Why is Mercury having a big iron core?



 

The strength of the magnetic field weakened as it got further away from the Sun. Mercury formed in the prime location - close to where the Sun's magnetic field was strongest, thus explaining its large iron core.

Scientists have pinpointed the strong magnetic field of the early sun as the reason behind the radial variation of rock and metal in rocky planets' cores. This magnetic field, which pulled small iron grains inward, explains Mercury's big iron core and why Mars has so little iron in its core.

The details of their research were published in the journal Progress in Earth and Planetary Science on July 5, 2021.

Planets have iron cores surrounded by a rocky shell, mostly made up of mantle and a thin skin of crust. The four inner planets of our Solar System, Mercury, Venus, Earth, and Mars have their own distinctive size and density. These differences have long since puzzled scientists.

Mercury has a metallic core making up about 3/4 of its mass, with the remaining 1/4 being a rocky silicate shell. The cores of Earth and Venus possess a metallic core of only 1/3 of their mass, with the rest being rock. Mars has a measly core comprising only 1/4 of its mass.

These radical changes in metal content offer clues about what controlled the distribution of raw materials in the early formation of the solar system.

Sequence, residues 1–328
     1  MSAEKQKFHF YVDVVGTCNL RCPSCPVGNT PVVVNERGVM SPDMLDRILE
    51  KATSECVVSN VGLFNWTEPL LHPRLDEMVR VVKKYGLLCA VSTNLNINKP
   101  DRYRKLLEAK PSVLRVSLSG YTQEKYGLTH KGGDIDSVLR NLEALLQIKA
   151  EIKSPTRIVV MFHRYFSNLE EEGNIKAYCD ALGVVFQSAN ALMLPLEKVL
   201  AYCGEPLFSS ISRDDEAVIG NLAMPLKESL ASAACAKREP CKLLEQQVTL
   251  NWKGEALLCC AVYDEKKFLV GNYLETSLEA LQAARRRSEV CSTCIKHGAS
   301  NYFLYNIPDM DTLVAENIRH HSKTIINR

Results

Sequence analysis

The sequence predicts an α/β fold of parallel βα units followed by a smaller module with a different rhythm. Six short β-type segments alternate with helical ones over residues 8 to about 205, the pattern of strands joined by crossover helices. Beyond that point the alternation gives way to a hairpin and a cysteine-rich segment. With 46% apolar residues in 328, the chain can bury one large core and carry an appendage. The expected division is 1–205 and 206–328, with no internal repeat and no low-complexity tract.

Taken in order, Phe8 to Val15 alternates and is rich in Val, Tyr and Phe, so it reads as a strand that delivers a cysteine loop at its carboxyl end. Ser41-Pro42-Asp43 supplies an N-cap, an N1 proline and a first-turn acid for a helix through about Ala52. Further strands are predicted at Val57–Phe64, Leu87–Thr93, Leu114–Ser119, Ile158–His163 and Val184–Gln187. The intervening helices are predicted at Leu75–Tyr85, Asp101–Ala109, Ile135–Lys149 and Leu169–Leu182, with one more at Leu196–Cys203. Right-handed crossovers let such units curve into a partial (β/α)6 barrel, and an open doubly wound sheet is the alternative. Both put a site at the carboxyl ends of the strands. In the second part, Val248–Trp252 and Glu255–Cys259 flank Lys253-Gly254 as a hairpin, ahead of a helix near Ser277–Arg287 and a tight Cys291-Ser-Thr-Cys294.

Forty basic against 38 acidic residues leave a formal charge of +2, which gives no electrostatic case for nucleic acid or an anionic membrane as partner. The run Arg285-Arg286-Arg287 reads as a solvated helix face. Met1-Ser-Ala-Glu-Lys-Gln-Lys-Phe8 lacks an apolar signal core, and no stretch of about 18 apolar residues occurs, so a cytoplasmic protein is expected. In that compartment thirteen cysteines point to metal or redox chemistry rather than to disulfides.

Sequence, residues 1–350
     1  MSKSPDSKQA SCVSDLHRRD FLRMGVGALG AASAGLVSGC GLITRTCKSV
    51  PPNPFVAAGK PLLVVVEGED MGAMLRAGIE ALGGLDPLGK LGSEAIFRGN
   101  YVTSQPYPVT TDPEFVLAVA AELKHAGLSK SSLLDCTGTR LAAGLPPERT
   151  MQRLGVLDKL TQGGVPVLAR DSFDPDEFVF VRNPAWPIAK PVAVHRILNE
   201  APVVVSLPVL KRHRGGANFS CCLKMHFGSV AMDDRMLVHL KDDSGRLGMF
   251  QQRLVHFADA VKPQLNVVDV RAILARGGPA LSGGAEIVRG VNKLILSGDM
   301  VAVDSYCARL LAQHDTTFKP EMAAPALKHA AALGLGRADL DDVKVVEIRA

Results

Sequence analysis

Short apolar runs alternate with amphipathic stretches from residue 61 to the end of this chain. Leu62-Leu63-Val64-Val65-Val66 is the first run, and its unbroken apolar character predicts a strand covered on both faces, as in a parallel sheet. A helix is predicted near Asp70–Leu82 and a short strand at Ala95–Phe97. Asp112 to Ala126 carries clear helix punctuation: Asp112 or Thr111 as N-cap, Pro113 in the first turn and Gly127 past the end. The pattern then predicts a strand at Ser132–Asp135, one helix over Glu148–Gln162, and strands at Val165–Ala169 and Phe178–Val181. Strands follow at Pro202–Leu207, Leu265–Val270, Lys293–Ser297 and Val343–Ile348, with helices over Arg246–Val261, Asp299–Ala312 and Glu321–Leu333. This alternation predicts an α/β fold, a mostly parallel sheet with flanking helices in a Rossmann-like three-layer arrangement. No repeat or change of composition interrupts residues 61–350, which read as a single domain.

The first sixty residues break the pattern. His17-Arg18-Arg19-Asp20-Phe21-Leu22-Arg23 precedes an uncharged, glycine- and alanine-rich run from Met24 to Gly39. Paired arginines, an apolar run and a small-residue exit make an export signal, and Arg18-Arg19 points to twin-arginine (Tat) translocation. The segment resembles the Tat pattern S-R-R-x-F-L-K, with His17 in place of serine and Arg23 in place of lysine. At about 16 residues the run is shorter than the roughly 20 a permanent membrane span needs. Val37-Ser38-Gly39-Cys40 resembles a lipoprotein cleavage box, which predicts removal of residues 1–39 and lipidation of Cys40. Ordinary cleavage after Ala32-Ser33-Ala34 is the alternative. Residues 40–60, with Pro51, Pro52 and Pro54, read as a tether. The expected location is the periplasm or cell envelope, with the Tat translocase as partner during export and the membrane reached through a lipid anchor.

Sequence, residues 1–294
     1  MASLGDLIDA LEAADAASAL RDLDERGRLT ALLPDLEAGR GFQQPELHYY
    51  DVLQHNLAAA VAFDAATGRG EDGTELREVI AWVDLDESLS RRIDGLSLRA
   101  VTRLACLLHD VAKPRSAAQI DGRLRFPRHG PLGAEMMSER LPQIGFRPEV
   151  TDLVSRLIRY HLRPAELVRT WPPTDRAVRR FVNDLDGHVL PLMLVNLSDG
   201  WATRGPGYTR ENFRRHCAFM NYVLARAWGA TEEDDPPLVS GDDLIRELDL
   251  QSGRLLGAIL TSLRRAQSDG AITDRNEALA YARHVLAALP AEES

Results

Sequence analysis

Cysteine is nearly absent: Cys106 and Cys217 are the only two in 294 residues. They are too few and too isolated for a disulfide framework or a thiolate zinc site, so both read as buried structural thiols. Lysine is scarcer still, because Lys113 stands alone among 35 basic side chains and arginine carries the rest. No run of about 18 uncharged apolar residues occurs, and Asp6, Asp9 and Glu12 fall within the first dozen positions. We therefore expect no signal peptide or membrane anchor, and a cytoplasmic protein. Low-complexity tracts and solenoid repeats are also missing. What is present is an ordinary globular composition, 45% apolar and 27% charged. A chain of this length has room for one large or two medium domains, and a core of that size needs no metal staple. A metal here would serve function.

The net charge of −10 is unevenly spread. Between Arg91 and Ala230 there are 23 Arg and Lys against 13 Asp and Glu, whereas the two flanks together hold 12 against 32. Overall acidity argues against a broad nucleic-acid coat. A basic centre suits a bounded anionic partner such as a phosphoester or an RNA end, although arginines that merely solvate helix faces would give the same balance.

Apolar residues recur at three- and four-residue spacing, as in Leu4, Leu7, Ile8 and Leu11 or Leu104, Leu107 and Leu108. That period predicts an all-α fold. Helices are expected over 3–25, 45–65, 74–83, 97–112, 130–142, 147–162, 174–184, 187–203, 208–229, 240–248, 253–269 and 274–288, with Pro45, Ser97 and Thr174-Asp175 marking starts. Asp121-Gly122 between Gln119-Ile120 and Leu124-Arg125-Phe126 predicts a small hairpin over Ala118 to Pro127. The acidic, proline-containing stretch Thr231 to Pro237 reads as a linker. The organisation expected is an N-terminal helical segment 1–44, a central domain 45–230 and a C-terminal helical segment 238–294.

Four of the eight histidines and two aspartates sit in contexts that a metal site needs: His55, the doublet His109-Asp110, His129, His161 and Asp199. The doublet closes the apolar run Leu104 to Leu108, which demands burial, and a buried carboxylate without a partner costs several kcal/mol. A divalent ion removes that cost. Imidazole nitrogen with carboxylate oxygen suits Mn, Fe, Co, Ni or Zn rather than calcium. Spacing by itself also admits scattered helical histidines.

During this period, swirling gas and dust cloud drew matter into the Solar System's center, thus forming the Sun. The rapid delivery to the center caused many collisions and heated the inner region of the Solar System. When the Sun was big enough to have its own internal gravity, it caused its proton-rich core to ignite its nuclear fuel, brightly turning on the Sun. Following this, the Sun's core began convecting, creating a dynamo generating a strong magnetic field.

The high temperatures of the inner Solar System turned elements into a vapor state. As the element cloud cooled down it rained out mineral compounds. Evidence from primitive meteorites reveals the compounds precipitated were either silicates or metals. The sun's magnetic field pulled the metal particles inwards.

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